Is Steemit About to Be Overrun?

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Having spent a considerable amount of time creating content online, I've tried a lot of different things just to see if they'd work. Most didn't, some did, and some never will. One of the many things that I've tried in a variety of formats is revenue sharing. I've never found a revenue-sharing model that works.

For instance, Yahoo! once had a thing called Voices. Content creators could write about whatever they wanted and earn revenue based on how many reads, clicks, etc. each of their articles received. The most I ever received for an article was something like $3 and some change. They're now defunct.

When I first heard of Steemit, I thought it an interesting concept, but I was skeptical. The platform didn't bill itself as a revenue-sharing website, and it still doesn't. The reason is quite simple. It's not. Although, users are able to earn from their content through author and curation rewards. The difference is that content creators don't "share" in any revenue because Steemit doesn't sell anything to generate revenue to be shared. Rather, content creators generate content, which generates "currency," which in turn is then distributed among the various parties that play a part in that content creation and curation. Clever idea if there ever was one.

As it turns out, Steemit is more than just a clever idea. It's one of the most popular blockchains in existence. In fact, last month, according to U.today, Steemit had more traffic than Binance and Ripple (although I'm a little curious as to why Bitcoin and Ethereum aren't mentioned).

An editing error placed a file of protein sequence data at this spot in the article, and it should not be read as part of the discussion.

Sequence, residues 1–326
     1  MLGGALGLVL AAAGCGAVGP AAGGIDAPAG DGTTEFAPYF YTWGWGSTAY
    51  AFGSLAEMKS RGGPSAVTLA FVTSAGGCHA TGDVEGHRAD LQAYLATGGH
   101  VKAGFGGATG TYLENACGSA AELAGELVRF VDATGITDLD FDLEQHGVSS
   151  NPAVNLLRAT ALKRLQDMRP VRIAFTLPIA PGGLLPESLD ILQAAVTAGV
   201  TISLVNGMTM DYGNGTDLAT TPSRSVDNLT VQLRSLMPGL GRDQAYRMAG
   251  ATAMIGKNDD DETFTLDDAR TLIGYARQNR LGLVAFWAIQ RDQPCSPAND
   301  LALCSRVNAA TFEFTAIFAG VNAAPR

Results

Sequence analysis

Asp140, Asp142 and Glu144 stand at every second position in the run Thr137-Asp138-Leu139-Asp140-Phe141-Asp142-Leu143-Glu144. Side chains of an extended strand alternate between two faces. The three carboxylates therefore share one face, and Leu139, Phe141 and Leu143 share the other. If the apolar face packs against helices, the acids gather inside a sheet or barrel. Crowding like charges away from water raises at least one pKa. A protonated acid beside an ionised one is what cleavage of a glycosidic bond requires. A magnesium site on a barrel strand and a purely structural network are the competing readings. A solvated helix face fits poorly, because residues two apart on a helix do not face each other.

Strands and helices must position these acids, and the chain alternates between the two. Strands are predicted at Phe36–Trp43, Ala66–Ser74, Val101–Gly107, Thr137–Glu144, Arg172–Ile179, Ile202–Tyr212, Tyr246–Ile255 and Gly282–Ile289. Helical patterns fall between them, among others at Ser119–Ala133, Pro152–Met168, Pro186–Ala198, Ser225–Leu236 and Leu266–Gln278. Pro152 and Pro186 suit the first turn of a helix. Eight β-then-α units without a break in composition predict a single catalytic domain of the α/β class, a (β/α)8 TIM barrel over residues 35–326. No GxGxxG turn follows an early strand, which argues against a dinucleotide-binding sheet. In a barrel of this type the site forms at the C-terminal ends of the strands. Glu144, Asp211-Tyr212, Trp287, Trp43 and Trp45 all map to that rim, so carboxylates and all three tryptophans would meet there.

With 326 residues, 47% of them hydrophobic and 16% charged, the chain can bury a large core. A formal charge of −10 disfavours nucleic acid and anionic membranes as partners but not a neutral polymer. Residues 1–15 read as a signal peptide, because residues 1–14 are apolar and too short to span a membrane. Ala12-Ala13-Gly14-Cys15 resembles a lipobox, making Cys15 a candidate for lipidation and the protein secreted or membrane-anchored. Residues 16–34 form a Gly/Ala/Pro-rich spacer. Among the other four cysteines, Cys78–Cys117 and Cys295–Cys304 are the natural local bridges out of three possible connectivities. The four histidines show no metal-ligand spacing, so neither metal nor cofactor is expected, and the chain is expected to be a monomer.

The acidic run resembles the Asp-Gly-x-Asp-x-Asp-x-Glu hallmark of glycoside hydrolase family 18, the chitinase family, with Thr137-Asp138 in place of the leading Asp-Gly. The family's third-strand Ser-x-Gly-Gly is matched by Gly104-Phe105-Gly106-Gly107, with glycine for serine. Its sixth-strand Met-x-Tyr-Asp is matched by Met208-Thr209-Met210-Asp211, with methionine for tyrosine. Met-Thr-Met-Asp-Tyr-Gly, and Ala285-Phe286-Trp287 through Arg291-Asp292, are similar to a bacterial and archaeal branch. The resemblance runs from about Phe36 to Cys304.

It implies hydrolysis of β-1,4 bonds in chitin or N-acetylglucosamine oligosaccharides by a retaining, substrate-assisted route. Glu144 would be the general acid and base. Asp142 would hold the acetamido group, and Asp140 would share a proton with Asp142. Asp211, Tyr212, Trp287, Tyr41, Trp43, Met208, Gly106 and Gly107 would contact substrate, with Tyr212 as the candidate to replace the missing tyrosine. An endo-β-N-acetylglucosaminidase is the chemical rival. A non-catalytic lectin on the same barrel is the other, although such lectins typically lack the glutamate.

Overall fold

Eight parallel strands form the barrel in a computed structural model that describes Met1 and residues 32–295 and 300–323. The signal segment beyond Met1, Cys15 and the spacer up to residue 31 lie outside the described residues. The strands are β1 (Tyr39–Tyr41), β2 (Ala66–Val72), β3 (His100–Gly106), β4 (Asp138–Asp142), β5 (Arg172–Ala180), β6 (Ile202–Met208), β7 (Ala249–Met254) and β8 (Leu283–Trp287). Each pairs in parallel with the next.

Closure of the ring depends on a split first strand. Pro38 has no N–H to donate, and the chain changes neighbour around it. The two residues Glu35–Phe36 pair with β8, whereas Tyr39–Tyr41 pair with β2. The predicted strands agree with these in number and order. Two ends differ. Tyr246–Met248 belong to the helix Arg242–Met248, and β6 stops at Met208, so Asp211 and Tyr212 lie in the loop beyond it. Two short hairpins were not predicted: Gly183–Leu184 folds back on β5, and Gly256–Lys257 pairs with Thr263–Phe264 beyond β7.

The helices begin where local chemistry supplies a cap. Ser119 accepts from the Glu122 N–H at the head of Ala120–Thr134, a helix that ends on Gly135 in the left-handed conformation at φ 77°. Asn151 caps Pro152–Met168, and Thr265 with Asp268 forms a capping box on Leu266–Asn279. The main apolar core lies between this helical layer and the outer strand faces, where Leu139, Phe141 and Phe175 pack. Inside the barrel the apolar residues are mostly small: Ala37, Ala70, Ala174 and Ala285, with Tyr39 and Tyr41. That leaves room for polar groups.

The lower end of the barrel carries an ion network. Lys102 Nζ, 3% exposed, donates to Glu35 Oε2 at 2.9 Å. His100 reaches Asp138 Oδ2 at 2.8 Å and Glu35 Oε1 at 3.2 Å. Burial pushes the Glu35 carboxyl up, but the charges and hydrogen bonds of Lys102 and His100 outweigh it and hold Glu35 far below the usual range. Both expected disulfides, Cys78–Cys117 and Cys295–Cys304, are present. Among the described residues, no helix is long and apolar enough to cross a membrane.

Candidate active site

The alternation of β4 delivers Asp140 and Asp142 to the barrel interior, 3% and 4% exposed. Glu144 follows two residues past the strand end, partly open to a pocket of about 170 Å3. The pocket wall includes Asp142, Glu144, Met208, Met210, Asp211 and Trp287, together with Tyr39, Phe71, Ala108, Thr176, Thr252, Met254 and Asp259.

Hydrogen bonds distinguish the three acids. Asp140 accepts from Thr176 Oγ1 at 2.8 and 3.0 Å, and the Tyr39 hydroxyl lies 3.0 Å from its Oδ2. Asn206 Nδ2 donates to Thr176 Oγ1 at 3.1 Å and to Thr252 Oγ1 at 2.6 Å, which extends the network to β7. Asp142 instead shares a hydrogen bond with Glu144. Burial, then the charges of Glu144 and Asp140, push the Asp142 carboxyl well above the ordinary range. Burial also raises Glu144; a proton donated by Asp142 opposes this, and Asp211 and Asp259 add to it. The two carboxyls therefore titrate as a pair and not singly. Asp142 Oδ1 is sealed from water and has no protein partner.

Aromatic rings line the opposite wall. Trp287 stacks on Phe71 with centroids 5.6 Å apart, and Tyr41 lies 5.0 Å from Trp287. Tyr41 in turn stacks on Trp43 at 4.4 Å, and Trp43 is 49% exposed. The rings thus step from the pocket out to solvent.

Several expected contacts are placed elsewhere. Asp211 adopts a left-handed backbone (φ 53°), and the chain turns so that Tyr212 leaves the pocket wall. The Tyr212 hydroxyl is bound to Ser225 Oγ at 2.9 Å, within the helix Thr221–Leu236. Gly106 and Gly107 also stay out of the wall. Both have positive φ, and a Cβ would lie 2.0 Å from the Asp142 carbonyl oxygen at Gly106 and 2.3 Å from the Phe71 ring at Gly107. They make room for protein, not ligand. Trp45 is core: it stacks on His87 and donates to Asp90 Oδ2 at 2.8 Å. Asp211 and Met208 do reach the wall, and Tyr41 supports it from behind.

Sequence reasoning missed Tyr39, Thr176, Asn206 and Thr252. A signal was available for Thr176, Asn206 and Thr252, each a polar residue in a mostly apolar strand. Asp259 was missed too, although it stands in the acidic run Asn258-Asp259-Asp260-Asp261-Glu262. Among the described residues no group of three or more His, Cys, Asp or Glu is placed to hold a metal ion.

Steemit
Source: U.today

You know what else is interesting? In third place, right behind Binance, is LBRY.io. I'd never even heard of that one until I read about it yesterday.

A Tale of Two Social Media Sites


The interesting thing about Steemit having more traffic than Binance in the month of October is that last month is the month that Steem Monsters officially started hosting tournaments. Within the first 15 days of tournament play, game players fought in over 200,000 matches. Of course, I can't help but wonder how many new Steemians have joined the platform just to play the game.

That aside notwithstanding, let's move on to a weightier topic. There's something to be said for first to market. We can all celebrate Steemit's head start on the competition. Nevertheless, we should be aware that there is competition (and more is on the way). Those readers who are old enough will remember a little site called MySpace, which preceded Facebook, but where is it now? No one talks about it any more, and for good reason. Just look at it:

MySpace 2018

What are they trying to be? Who is the audience?

It wouldn't surprise me to wake up one day to a news headline informing us that MySpace is being taken off line. It's got to be Rupert Murdoch's biggest mistake.

So what happened to MySpace? In a word, they were bested by some upstart called Facebook. Ironically, 11 months after Murdoch purchased MySpace, it became the most trafficked website on the Web, even beating Google. But two years later, Facebook overtook it. MySpace has been in steady decline since.

We can talk about all the factors that led to MySpace's sudden and inevitable death, and debate who killed it, but the fact is, the site lost to the competition. One of the major reasons why is the competition was just better (despite Facebook's many drawbacks, it's still far superior to MySpace).

If You Can't Start a Trybe, Join One


Getting back to Steemit, there is some growing competition. Trybe (affiliate link) has already gone live and users are generating content by the hour, including yours truly.

I like Trybe. It's much more attractive than Steemit. Its blogging interface is much more user friendly, and the website's marketing message is much clearer. Immediately upon landing there, I know precisely what they're trying to be. And for whom.